Landon Donovan ends U.S. career with emotional night, draw with Ecuador
EAST HARTFORD, Conn. — Landon Donovan came inches away from scoring in his final U.S. game, sending a 25th-minute shot off the right post, but the agonizing near-miss couldn’t dampen the emotional send-off that Donovan received from 36,265 U.S. fans who gave him a standing ovation as he left the field.
The score in this game—USA 1, Ecuador 1—was somewhat incidental on the night the greatest player in U.S. men’s national team history said farewell.
Here are my three quick thoughts on the evening:
• Honoring Donovan was absolutely the right thing to do
Donovan said before the game that he had to think long and hard about whether he wanted to participate given the still-simmering tension he has with U.S. coach Jurgen Klinsmann after being cut from the World Cup team. In the end, though, Donovan realized the moment he’d share with the fans was worth being here, and he was right.
If you were human, you couldn’t help but get goosebumps as the American Outlaws serenaded Donovan with rousing chants of "Thank-you, Lan-don!" And it wasn’t just about the fans. Donovan had 20 family members in attendance courtesy of U.S. Soccer, which Donovan said was important given how many family members had been forced to scrap their trips to Brazil after he’d missed the World Cup.
Give U.S. Soccer president Sunil Gulati some credit for overcoming some obstacles and making this event happen. It was the right way for Donovan to go out.
• Everyone around Donovan dealt with the situation well too
No teammate seemed to go farther out of his way to feed Donovan the ball with a chance to score than Jozy Altidore. For a guy who could use some goals of his own, Altidore understood the situation and fed Donovan two terrific balls in dangerous areas: One a gorgeous back-heel that Donovan hit off the post, and the other a useful ball that Donovan shot wide.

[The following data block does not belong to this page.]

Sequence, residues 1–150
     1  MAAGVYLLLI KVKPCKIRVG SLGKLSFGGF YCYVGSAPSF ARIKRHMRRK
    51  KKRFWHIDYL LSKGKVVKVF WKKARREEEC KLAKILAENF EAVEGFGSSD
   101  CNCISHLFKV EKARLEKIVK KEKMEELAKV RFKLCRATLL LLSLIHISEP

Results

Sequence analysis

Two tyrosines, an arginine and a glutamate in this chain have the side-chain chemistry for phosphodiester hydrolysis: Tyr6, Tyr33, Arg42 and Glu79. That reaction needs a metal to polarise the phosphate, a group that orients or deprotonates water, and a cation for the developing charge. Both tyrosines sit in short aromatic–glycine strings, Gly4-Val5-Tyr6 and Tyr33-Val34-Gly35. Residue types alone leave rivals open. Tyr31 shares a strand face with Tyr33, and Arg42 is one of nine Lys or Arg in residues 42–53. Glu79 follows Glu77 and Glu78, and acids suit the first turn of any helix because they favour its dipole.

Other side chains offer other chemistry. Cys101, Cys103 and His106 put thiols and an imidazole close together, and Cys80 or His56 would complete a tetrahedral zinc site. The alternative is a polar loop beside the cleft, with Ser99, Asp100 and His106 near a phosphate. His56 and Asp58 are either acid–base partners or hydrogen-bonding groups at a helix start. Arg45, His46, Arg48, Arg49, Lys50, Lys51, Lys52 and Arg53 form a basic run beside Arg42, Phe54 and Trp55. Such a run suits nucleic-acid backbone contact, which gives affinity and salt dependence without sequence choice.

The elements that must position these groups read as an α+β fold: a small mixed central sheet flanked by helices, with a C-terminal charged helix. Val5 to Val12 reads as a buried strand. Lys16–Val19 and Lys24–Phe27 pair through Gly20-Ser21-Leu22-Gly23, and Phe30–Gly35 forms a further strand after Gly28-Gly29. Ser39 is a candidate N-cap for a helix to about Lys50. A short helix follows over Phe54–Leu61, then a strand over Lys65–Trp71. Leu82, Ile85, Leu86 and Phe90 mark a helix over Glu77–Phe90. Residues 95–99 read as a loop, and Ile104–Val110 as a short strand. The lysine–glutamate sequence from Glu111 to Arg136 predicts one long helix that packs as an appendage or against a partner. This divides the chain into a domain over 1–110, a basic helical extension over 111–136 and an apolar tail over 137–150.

As for the much-discussed tension between Donovan and Klinsmann, you knew a make-up session wasn’t going to happen based on their comments this week, but they did at least shake hands as Donovan came off the field in the 41st minute. Was it a slightly awkward bro-hug? Yeah, but it was a lot better than if there had been a fly-by handshake snub.
• There was an actual game, too
Ecuador wasn’t going to play the role of the Washington Generals here, not with players like Enner Valencia, Walter Ayoví and Segundo Castillo around. And there were some positive takeaways for Klinsmann, who for the second straight game opted for a lineup without a traditional defensive midfielder (Mix Diskerud and Alejandro Bedoya started in the central midfield.)
Diskerud scored and played well overall, showing some real vision and some unexpected defensive aptitude, and Brad Guzan made some big stops, especially in the first half. DeAndre Yedlin was dangerous at times starting as a right midfielder, making you wonder if that position might be where his future really is.
There were some downers, too. Youngster Joe Gyau, who has shown real promise at Borussia Dortmund, left the game with what was reported as a sprained left knee just 13 minutes into the match. A late Ecuador goal by Enner Valencia—with no pressure from the U.S. defense—took some of the shine off what should have been a U.S. win in Donovan's final national team game. The U.S. had a chance still to come away with the win, but a golden opportunity that was brewing with Bobby Wood and Chris Wondolowski went wasted in the dying embers.